• Simon Pagenaud – 2 of his 3 street course races in 2022 have put him in the Fast 6. His worst start this season is 10th in Long Beach on these circuits. For Toronto in general, Pagenaud has been in the 2nd round in all 10 starts including 7 straight landing him in the top 2 rows.
  • Colton Herta – He was 16th as a rookie in 2019 but 3rd, 1st and 7th in 3 street course tries in 2022 though as well.
  • Josef Newgarden – He has a top 10 in all 3 street course starts including 2 straight on the front row. For Toronto, he’s made it to the 2nd round in 5 straight races including his last 2 in the top 5.
  • Romain Grosjean – Was 5th in St. Pete, 6th in Long Beach and the only reason he was 12th in Belle Isle was because he crashed on his final lap.
  • Takuma Sato – Was 2nd in Belle Isle and has a top 10 start in 4 of his last 5 tries in Toronto.

7th-12th Potential

  • Helio Castroneves – Was only 17th and 14th in the 1st two street course races of 2022, but 4th in Belle Isle and he has 11 straight 2nd round appearances at Toronto. However, while he has 5 top 3 starts in his last 6 tries there, he also qualified 7th three times in his last 8 appearances too.
  • Marcus Ericsson – He was only 20th in his lone rookie qualifying effort in Toronto but 8th in all 3 street races run in 2022 as well.
  • Scott McLaughlin – He’s a rookie in Toronto but has a top 10 in all 3 street course starts in 2022. However, outside of his pole in St. Pete, his other 2 starts were in Row 5.
  • Alex Palou – He qualified 10th, 3rd and 18th in 3 street races in 2022.
  • Alexander Rossi – He was 13th, 5th and 11th on 3 street course qualifying attempts in 2022 but 19th, 8th, 5th and 4th in 4 Toronto qualifying tries too.
  • Kyle Kirkwood – He made the Fast 12 in Mid-Ohio and has 3 straight top 15 starting spots on street courses this season including 2 of the 3 being 12th. Only reason he was 15th in Detroit was due to a practice crash prior. He was quickest on the Friday practice of that weekend.


  • Graham Rahal – He’s made the Fast 12 in 4 of his last 7 Toronto starts and was between 11th and 13th in 2 of his 3 starts on the season, but was 23rd in Belle Isle too.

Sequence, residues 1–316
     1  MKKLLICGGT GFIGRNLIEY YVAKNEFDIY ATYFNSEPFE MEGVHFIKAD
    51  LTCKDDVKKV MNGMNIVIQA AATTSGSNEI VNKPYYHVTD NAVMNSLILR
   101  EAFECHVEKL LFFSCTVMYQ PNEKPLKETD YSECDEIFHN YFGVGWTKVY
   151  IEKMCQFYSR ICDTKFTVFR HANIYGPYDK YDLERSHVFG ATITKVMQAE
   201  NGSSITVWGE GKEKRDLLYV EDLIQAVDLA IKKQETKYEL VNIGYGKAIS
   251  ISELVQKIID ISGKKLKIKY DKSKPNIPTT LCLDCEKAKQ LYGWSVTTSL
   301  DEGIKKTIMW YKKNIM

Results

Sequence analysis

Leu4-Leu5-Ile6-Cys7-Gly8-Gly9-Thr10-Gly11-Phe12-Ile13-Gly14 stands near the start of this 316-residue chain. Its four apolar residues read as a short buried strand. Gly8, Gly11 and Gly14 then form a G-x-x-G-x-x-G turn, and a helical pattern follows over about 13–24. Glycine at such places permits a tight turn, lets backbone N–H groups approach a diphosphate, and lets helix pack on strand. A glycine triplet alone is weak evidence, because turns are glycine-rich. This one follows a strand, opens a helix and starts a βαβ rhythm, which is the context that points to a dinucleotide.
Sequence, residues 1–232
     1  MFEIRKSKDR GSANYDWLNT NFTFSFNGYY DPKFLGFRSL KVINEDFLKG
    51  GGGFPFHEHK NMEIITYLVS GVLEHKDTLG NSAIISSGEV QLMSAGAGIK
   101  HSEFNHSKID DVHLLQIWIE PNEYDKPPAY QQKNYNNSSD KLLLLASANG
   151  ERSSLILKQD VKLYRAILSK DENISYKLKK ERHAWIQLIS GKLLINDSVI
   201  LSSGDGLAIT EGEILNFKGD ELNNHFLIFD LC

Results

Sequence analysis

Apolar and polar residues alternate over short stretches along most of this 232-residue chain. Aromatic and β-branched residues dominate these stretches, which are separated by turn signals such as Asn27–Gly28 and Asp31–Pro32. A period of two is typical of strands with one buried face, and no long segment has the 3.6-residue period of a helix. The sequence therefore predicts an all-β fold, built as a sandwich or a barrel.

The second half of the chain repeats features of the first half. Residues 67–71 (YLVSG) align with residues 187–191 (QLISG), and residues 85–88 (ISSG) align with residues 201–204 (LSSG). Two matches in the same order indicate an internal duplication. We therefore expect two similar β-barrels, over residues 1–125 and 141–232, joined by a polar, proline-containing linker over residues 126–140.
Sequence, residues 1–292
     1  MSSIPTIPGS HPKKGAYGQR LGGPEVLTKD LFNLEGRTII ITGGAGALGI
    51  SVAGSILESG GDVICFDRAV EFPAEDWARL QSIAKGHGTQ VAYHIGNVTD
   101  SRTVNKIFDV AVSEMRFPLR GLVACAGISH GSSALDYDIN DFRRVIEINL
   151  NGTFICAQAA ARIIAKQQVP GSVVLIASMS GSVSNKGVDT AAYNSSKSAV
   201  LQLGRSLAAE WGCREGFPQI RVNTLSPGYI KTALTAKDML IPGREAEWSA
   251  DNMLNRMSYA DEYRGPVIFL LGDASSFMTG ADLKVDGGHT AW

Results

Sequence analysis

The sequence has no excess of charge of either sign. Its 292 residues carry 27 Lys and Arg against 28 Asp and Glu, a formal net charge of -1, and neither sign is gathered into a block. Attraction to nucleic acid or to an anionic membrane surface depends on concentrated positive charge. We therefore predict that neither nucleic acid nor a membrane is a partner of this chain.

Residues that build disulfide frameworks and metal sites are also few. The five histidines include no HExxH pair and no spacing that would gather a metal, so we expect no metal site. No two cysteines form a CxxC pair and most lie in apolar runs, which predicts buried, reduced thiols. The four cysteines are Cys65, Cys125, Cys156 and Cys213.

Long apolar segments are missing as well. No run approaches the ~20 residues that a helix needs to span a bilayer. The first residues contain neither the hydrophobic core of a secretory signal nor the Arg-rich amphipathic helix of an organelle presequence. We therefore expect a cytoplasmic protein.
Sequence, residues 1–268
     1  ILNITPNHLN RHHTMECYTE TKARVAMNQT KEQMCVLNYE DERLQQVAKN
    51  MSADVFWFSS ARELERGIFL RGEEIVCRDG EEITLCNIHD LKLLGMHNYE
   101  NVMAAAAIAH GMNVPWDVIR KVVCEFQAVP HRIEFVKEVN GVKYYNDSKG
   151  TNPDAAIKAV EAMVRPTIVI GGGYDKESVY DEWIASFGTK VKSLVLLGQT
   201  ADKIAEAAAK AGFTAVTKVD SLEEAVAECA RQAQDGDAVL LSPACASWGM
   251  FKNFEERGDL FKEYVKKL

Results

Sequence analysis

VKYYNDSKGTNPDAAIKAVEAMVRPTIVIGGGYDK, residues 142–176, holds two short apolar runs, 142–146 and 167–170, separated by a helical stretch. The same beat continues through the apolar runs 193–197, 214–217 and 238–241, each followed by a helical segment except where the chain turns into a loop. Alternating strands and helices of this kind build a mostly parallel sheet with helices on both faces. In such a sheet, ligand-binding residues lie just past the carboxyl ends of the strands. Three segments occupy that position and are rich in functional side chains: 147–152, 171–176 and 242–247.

• Pato O’Ward – He was 16th, 11th and 5th in the 3 street races in 2022. He’s a rookie in Toronto.
  • David Malukas – He was 24th, 19th and 6th in 3 street courses this season but for Toronto, he’s a rookie.
  • Rinus VeeKay – He was 4th, 15th and 14th in 3 street course appearances in 2022.
  • Will Power – Odd to have him here but 4 of his last 5 starts have seen him be 15th or worse plus his last qualifying effort in Toronto was 15th as well. He does have 11 top 5 starts in 13 tries north of the border in Toronto, but that’s not seemed to matter at other tracks this season either.
  • Felix Rosenqvist – He did qualify 3rd in 2019 for his lone Toronto start, but 2 of his 3 street course efforts have seen him qualify 21st or worse too.
  • Conor Daly – He’s qualified 20th, 18th and 13th in his 3 street races in 2022 and 19th, 7th, 18th and 11th in 4 Toronto starts as well.
  • Devlin DeFrancesco – The hometown kid was 18th, 17th and 21st in 3 street course tries in 2022.
  • Christian Lundgaard – He’s started 15th, 20th and 19th in 3 street course races this year.
  • Jack Harvey – He’s qualified 23rd, 21st and 20th on street courses this season.
  • Callum Ilott – He was 19th, 22nd and 17th in 3 street courses starts in 2022.
  • Dalton Kellett – He’s a rookie in Toronto and qualified 14th, 24th and 25th this year on street courses.
  • Tatiana Calderon – She’s also a rookie and has qualified 25th, 26th and 24th in 3 street course appearances in 2022.
  • Jimmie Johnson – He was 26th, 26th and 22nd in 3 street course qualifying efforts in 2022.